This obvious statement that is repeated ad nauseam is irrelevant to this type of discussion. The fact that there are more big firm jobs in NYC doesn't change the fact that the cost of living is extraordinarily high and borderline neutralizes the biglaw salary.

And fyi, people on here tend to exaggerate how much easier it is to get a big firm job in NYC than in other markets. That's true in a relative sense, but getting a biglaw job in NYC isn't easy either. And for someone from a lower cost of living market with large firms, it can often be about the same level of difficulty assuming they aren't at a very NYC focused school.

Quite frankly with the exception of crazy selective secondary markets like Atlanta and Austin if you're below median at a top 14 you've got a better shot of sneaking into a firm in your secondary home market than you do of pulling off a NYC firm if you aren't at Columbia. NYC biglaw firms have VERY hard cutoffs below which they simply will not hire. Maybe it's because these firms are so big and they are constantly pushing out associates while hiring fresh law grads that they have such hard and fast hiring procedures. Basically they look at your transcript, and if you don't meet their hard cutoffs you're instantly rejected. The fact that there are a lot of NYC firm jobs doesn't help you when they all throw out your resume because you have below median grades.


Fair enough. To rephrase, I mean to say that you shouldn't go outside the market you have the best shot at getting a job in because of something like buying power. That meaning, if in your position NY is the best shot at getting a job, you should first focus there before looking elsewhere. That applies to any other market (i.e. focusing on CA firms from a CA school). In particular, in limited availability situations like bidding for OCI (bidding on secondary markets because you can have better buying power but lower chances of getting a job is a very bad idea).


That's a fair point, but I don't think anyone here is saying that one should not bid NYC. In fact, this isn't actually a thread on bidding at all. It's a thread about buying power or cost of living.

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Re: NALP Buying Power Index 2011, or, Why New York is Overrated

Postby Blessedassurance » Fri Jan 11, 2013 7:02 pm

imchuckbass58 wrote: Cost of living indexes are also notoriously flawed because they're composed of a very select basket of goods that doesn't typically reflect overall spending (food, housing, transport). Aside from debt, there are many things you buy that cost the same everywhere (an iphone, books, cars, a TV, etc).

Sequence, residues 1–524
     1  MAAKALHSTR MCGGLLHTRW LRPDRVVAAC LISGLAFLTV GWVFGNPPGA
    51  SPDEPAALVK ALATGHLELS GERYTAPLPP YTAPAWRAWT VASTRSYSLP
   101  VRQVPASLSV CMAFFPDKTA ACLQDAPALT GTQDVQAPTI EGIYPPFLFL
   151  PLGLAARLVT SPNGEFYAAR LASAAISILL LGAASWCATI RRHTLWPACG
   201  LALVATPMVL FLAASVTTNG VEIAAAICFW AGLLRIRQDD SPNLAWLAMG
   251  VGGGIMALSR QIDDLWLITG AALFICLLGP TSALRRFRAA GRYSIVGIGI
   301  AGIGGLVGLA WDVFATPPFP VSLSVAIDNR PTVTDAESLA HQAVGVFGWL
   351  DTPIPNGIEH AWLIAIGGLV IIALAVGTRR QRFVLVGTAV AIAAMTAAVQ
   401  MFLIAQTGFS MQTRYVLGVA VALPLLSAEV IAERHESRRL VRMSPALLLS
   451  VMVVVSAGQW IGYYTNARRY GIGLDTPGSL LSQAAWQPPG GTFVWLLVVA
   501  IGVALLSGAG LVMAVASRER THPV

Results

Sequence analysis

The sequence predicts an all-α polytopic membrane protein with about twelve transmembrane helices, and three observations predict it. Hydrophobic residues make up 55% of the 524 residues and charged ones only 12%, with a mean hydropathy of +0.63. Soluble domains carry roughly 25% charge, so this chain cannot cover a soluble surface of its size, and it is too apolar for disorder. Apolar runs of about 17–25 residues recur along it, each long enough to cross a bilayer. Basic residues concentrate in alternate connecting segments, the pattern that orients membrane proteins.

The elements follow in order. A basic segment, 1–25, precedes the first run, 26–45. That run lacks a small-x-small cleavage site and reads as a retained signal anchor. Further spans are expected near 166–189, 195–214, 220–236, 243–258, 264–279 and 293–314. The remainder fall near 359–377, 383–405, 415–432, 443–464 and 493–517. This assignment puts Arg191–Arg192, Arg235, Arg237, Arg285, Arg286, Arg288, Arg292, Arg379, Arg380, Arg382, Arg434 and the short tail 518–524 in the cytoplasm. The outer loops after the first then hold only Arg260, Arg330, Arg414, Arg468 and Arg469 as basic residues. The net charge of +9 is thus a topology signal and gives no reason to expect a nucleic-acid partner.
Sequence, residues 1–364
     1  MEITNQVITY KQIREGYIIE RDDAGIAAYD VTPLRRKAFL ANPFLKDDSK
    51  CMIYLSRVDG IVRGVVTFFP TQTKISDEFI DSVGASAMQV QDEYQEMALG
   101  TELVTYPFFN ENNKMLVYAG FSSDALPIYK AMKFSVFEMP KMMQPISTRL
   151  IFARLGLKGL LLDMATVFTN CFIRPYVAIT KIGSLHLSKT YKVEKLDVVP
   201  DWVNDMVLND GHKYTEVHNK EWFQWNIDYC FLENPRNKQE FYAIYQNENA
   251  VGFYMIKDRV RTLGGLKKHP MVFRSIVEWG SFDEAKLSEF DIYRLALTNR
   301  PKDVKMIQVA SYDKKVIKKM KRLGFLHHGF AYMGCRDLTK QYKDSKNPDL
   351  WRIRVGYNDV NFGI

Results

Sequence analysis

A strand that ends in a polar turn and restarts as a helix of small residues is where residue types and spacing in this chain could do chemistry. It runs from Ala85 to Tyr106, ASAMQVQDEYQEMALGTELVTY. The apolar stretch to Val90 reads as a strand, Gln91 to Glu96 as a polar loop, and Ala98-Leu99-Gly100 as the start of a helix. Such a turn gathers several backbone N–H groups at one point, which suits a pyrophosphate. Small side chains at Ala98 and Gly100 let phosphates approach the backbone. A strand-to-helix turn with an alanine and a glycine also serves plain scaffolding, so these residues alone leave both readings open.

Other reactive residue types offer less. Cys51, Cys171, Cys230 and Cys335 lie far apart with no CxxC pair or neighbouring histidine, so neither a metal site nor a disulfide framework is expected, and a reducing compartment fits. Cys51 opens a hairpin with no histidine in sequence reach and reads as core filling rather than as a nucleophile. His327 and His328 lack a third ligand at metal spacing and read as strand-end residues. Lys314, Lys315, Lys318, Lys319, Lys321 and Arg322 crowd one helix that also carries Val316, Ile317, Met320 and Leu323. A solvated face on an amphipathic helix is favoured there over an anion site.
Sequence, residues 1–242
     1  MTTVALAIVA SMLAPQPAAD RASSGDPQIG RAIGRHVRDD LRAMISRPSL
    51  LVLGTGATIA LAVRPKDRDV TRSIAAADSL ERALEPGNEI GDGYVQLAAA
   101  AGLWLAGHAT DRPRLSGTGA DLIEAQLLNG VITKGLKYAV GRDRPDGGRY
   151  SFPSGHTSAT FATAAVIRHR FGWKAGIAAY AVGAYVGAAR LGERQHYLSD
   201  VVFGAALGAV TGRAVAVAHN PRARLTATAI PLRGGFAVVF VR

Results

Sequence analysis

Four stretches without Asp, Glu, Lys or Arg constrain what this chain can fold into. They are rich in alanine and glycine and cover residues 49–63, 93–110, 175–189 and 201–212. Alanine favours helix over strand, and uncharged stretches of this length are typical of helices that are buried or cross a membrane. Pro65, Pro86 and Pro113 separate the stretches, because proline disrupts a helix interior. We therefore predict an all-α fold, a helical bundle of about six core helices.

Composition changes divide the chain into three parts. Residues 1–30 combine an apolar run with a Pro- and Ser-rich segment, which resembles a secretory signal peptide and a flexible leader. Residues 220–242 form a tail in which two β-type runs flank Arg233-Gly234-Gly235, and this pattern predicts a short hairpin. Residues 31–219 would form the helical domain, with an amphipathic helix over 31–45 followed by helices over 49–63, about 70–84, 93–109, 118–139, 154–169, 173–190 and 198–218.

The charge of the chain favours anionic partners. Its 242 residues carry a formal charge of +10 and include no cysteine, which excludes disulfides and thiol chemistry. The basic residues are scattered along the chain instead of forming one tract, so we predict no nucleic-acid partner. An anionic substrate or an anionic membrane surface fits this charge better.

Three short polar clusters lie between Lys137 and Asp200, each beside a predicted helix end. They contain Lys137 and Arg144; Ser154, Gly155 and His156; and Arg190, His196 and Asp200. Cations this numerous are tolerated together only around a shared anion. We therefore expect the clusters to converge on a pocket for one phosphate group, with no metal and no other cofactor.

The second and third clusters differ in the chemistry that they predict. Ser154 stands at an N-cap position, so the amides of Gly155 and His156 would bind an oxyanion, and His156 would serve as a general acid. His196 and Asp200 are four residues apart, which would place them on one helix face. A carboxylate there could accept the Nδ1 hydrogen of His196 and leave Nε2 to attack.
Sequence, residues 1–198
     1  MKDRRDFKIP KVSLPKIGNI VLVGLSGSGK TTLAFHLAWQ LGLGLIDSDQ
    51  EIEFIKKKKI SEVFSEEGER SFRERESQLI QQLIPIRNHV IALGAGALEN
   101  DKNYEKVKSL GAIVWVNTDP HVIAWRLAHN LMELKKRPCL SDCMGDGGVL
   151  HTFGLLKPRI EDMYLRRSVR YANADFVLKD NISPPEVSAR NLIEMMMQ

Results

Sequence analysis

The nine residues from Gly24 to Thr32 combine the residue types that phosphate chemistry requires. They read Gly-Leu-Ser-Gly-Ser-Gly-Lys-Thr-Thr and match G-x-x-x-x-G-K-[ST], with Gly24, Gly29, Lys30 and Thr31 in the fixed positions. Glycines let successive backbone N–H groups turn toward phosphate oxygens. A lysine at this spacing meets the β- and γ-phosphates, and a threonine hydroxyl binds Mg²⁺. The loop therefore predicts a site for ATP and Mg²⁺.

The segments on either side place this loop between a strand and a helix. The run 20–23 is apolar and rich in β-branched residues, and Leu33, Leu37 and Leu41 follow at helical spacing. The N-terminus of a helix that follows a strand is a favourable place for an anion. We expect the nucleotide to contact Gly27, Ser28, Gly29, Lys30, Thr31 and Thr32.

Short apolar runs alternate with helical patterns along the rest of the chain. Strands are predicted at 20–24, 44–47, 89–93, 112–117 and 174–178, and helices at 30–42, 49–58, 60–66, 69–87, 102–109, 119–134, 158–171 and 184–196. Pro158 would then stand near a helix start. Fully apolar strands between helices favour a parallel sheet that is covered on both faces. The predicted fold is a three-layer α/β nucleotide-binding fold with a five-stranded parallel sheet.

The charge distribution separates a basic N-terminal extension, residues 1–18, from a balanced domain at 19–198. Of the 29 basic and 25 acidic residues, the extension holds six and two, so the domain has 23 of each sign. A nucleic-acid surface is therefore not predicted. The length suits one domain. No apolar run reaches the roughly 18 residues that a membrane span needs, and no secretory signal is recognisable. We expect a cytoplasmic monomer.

an iphone 5 is 150 bucks on a 2-year plan. technically, it's more expensive to buy it in new york (and a few other specific states) because they calculate the taxes in new york as if you had bought the phone at the regular price and not the discounted price. besides the fact that a car is a one-time purchase, the costs of having a car in manhattan is greater than almost everywhere else. what do you mean by books? used books go for like a buck to 5 bucks on half.com, what should they include next, tooth paste?

in short, food, housing and transport are there for a reason.

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Re: NALP Buying Power Index 2011, or, Why New York is Overrated

Postby dingbat » Fri Jan 11, 2013 8:06 pm

Blessedassurance wrote:the costs of having a car in manhattan is greater than almost everywhere else

why on earth would you have a car in manhattan?

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Re: NALP Buying Power Index 2011, or, Why New York is Overrated

Postby AreJay711 » Fri Jan 11, 2013 8:29 pm

dingbat wrote:
Blessedassurance wrote:the costs of having a car in manhattan is greater than almost everywhere else

why on earth would you have a car in manhattan?


I love fucking in the backseat of a car / bed of a truck. It's like in public but not really.

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Re: NALP Buying Power Index 2011, or, Why New York is Overrated

Postby smithgregory223 » Fri Jan 11, 2013 8:39 pm

5 dollar foot longs cost the same in Chi/DC as in NYC. I think...

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Re: NALP Buying Power Index 2011, or, Why New York is Overrated

Postby thesealocust » Fri Jan 11, 2013 8:57 pm

smithgregory223 wrote:5 dollar foot longs cost the same in Chi/DC as in NYC. I think...


It's strange. Manhattan McDonalds has no dollar menu, Chipotle burritos are more expensive, etc. But you can get $1 pizza slices, crazy-cheap falafel, lots of fruit for a song from sketchy carts, etc. So there is cheap food, but the mass-market cheap food often actually is more expensive in NYC.

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Re: NALP Buying Power Index 2011, or, Why New York is Overrated

Postby Blessedassurance » Fri Jan 11, 2013 9:33 pm

dingbat wrote:
Blessedassurance wrote:the costs of having a car in manhattan is greater than almost everywhere else

why on earth would you have a car in manhattan?


that's my point. you don't "need" a car in a lot of major cities either. i don't get the complaints about apples-to-apples comparisons. the calculation (even if not entirely accurate) is about what it takes to live at similar levels (to the extent possible) in different cities. ignoring of course intangibles and other subjective stuff like "best city in america", "culture" etc.

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Re: NALP Buying Power Index 2011, or, Why New York is Overrated

Postby dingbat » Fri Jan 11, 2013 10:25 pm

Blessedassurance wrote:
dingbat wrote:
Blessedassurance wrote:the costs of having a car in manhattan is greater than almost everywhere else

why on earth would you have a car in manhattan?


that's my point. you don't "need" a car in a lot of major cities either. i don't get the complaints about apples-to-apples comparisons. the calculation (even if not entirely accurate) is about what it takes to live at similar levels (to the extent possible) in different cities. ignoring of course intangibles and other subjective stuff like "best city in america", "culture" etc.

I don't think there are many cities where you don't need a car to the same level as manhattan. The lifestyle there is very different than, say, Los Angeles, where you any really get by without one.